Assist mental health of workers by increasing access to telemedicine

Assist mental health of workers by increasing access to telemedicine
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The lack of behavioral health care services in the United States will have dire social and economic consequences if our leaders do not take action. As the nation grapples with rising unemployment and a financial crisis for those who have lost jobs, government officials must take several steps to support the mental health of workers across the country.

Serious mental health illnesses cost the nation more than $190 billion in lost earnings every year, according to data from the National Alliance on Mental Illness. Research shows the pandemic has taken a psychological toll on workers. One in four report feeling either hopeless or depressed. Over 40 percent of workers experience burnout. More than 20 percent feel the coronavirus threatens many parts of their jobs, such as growth opportunities, safety conditions, and salary and benefits.

Companies offer employee assistance programs, which provide resources such as counseling. While companies regularly review and restructure the benefit offerings to meet their distinct needs, the impact of the pandemic means mental health awareness and support needs more investment. The critical investment has started, but more is needed to strengthen benefit programs and prioritize the mental health of employees.

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Telemedicine services have now expanded during the pandemic to ease burdens on health facilities and to limit the spread of the coronavirus by allowing people to receive care remotely. Congress must seize upon this opportunity to make more reforms for telemedicine, such as eliminating barriers to telemedicine, allowing organizations to offer their employees this critical type of coverage, and letting licensed providers see patients with virtual visits across state lines to increase capacity.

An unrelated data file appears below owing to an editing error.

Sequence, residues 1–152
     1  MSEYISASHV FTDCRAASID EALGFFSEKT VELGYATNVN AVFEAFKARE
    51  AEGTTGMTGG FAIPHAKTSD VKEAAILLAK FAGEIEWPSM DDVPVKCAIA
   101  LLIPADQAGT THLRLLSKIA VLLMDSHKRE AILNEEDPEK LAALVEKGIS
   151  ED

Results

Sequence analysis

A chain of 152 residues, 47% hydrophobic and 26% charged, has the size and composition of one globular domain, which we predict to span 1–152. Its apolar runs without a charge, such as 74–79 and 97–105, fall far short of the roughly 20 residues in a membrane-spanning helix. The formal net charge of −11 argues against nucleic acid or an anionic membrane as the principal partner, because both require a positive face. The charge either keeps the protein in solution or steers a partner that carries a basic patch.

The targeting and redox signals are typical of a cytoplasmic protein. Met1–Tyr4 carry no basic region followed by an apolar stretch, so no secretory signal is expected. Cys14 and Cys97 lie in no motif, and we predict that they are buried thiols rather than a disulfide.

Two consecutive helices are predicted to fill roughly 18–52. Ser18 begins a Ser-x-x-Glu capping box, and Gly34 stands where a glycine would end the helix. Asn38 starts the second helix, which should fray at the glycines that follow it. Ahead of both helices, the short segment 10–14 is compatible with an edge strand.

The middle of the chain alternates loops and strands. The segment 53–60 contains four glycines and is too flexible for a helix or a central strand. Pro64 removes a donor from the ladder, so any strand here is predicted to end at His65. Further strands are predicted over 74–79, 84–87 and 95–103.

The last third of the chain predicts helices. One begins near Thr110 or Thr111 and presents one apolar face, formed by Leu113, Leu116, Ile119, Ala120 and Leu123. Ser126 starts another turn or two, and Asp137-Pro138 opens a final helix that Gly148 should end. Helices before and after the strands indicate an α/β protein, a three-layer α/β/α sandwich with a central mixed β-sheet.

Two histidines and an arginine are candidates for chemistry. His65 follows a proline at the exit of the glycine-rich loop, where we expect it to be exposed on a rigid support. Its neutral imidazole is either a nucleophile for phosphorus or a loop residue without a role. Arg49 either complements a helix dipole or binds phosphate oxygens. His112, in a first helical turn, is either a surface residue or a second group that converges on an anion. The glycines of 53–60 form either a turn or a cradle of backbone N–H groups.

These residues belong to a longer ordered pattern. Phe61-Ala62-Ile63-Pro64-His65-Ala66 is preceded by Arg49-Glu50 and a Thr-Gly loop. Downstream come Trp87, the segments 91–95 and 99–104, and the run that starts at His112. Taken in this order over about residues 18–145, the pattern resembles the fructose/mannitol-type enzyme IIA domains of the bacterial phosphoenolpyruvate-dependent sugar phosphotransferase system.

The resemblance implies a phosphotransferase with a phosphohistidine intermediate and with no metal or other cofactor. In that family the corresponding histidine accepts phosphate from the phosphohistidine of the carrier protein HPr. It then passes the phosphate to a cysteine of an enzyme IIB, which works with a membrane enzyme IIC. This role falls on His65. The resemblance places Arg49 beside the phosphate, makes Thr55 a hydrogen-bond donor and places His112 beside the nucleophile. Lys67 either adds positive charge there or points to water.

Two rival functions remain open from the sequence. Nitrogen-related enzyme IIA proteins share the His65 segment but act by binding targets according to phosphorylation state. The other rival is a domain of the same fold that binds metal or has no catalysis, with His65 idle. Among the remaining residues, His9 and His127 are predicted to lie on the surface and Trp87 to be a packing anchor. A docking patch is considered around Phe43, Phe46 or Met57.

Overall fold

Greater access to telemedicine, including telepsychiatry, will provide the resources for employees to navigate all health care options and privately seek the help that they need. The convenience of this offering will benefit employers and their employees because such services can be received at home and after work hours during a time when personal and professional schedules are anything but definite for so many workers.

The pandemic impacts workers and their mental health in different ways. Some employees may not be able to afford mental health services. They may not feel comfortable seeking assistance from employers. They may face barriers to care. A broader acceptance of mental health treatment shows employers are tackling this issue in the labor force.

The decisions that our leaders make in the coming days and weeks as a result of the coronavirus will have a lasting impact on our economy and society. But the nation cannot overcome the public health crisis without support for the mental health of workers during this time.

Emily Dickens is a lawyer who is the chief of staff and head of government affairs for the Society for Human Resource Management based in Virginia.